The Why before the What of Kashrut
At CBI we believe that our connections with each other and with God are deepened by the way of mitzvot. We are commanded to be a holy people. “You shall be holy for I the Lord your God am holy.” “You shall be a kingdom of priests and a holy nation.” Israel is commanded to be holy; and again and again commanded to be holy. But how do we become holy? We become holy by bringing holiness to that which is not yet holy, the profane, the everyday. And it is through observing mitzvot that we are able to make holy and to become holy. Kashrut, the Jewish spiritual discipline around eating, when practiced with intention, can set us on this course every day, a few times a day. “You are what you eat.” That is, what you choose to eat and how you choose to eat it says a lot about who you are and what kind of a life you are striving to achieve. As a communal and personal discipline, kashrut is an opportunity to invest the daily activity of eating with a dimension of holiness – an awareness of the power of life, both given and taken.
The WHATs of CBI’s Kashrut policy
Our kitchen is kosher dairy most of the year. That means that unless the kitchen has been “turned over” no meat or meat products are allowed.
On Shabbat no cooking or heating of water is permitted. All food that needs to be cooked needs to be prepared in advance. It is permissible to cut, slice or peel vegetables. Grinding is not permitted. Electrical appliances do not work on Shabbat at CBI.
We accept the following WITHOUT a kosher symbol, or hechsher:
All dried fruit with the exception of dried banana
All fresh kosher fish (species with fins and scales, such as salmon, whitefish, sardines, snapper and tilapia; when in doubt consult the rabbi. Swordfish, catfish, eels, grayfish, shark, snake mackerels, puffer fish, sturgeon are NOT kosher)
All fresh vegetables and fruit, care must be taken to clean insects from some varieties such as asparagus and artichokes.
All frozen fruit
Cleaning products, paper products, aluminum products, rubber gloves
Coconut Flakes – Without glycerin
Dried Herbs – Leaves, seeds and spices, without added ingredients
Extra Virgin Olive Oil
Flour – Without enzymes
Garlic – fresh, powder (without additives), crushed or juice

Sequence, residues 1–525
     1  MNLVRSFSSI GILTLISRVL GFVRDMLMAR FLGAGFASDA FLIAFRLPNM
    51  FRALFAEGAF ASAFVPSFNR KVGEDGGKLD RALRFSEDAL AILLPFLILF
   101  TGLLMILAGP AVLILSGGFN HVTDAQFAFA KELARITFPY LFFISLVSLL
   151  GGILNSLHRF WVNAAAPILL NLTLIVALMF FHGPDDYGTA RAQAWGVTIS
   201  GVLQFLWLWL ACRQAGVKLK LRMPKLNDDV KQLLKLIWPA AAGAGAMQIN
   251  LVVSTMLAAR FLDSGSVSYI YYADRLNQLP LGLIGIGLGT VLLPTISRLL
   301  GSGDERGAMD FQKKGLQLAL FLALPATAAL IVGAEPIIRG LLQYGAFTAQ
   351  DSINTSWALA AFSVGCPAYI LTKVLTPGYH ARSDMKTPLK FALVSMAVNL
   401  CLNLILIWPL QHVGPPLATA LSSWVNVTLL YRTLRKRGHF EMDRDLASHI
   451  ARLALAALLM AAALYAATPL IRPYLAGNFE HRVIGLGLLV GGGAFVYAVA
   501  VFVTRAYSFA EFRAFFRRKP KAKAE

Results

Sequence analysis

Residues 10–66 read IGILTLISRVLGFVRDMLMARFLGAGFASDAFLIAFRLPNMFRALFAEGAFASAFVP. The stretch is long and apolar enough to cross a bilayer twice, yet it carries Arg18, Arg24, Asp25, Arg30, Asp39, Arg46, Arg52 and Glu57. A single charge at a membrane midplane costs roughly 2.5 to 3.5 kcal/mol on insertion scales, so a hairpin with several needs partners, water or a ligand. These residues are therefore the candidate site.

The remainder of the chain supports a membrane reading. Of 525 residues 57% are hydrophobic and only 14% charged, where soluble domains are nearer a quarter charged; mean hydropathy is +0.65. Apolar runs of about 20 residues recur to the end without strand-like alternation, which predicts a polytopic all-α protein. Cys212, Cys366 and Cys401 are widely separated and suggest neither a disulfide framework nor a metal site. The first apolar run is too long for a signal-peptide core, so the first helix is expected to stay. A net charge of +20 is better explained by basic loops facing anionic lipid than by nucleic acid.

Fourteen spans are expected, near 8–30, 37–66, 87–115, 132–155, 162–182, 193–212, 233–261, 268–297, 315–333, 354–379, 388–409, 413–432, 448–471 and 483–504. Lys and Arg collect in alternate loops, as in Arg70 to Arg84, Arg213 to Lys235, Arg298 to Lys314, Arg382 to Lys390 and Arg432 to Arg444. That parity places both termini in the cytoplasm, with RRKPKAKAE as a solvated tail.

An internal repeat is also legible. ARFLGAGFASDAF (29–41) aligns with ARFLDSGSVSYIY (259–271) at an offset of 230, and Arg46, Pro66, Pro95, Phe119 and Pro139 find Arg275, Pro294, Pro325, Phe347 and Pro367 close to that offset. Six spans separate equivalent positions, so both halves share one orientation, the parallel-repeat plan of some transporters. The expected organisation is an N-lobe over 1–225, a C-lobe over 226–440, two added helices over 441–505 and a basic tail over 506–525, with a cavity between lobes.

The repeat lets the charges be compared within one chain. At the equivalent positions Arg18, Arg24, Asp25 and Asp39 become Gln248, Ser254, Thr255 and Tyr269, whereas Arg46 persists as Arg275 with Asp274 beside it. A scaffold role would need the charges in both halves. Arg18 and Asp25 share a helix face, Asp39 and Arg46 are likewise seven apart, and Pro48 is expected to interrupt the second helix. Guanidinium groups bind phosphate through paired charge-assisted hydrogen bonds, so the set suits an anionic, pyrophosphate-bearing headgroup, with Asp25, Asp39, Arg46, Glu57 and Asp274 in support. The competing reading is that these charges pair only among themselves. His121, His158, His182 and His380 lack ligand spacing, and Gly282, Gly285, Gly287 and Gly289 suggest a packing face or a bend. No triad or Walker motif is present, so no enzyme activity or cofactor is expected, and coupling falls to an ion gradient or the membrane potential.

Mustard – seeds or ground. Prepared mustard requires certification
Onion – fresh, powder (without additives), crushed or juice
Pasta without eggs or oil
Pure spices, such as cumin or allspice
Sugar, whether powdered, brown or white
Tapioca – Pre-cooked or raw
These products DO NEED a kosher certification/kosher symbol:
All canned beans
All canned vegetables
All decorating products: food coloring, icing, sprinkles
All flavored coffee
All flavored seltzer
All flavored sugar
All flavored tea
All freeze-dried vegetables
All Mixes – bread, cakes, soup, pancakes etc.
All processed fish: canned, gefilte, ground, smoked, lox
All processed food
All salad dressings
All sugar substitutes
All types of dough
Anything with food coloring
Chocolate Chips – Many kosher dairy brands are available. Lieber’s and Paskesz are parve certified.
Herb and seasoning blends
Mixed vegetable oil, including canola oil
Pasta with eggs or oil
Tofu, any variety
We accept most kosher symbols. However, a simple K is not acceptable. Ask the rabbi if you have any questions.
- Is the bakery at Stop and Shop kosher? Yes, but make sure that whatever you buy has a symbol.
- Where can I find good kosher bagels nearby? Our rabbi supervises the factory that provides bagels for Bagelman in Brookfield (Candlewood Lake Plaza) and Bagelman in Danbury (40 1/2 Padanaram Road). ONLY BAGELS are kosher at those locations, and ONLY on those two locations. You can order them pre sliced. They are parve.
- My home is kosher/strictly vegetarian. Can I bring my coffee pot to make coffee for a board meeting? – Talk to the rabbi for permission.
- My home is kosher/strictly vegetarian. Can I bring X to serve at a Kiddush? – Talk to the rabbi for permission.
- What happens on Passover? Only food with a Kosher for Passover symbol is allowed in the building. Our kitchen is locked, that part of the building is sold, and only paper plates and cups are used. An item marked with a kashrut symbol followed by a P (KP) means that the item is Kosher for Passover. It does not mean Kosher Pareve. Any item that has a kashrut emblem without a D (for Dairy) or M (for Meat) is always pareve. Kosher for Passover (KP) items follow these same guidelines concerning their status and will be designated as meat, dairy, or pareve.
- When are the meat days? We turn over the kitchen for Shabbat Across America and the Jewish Summerfest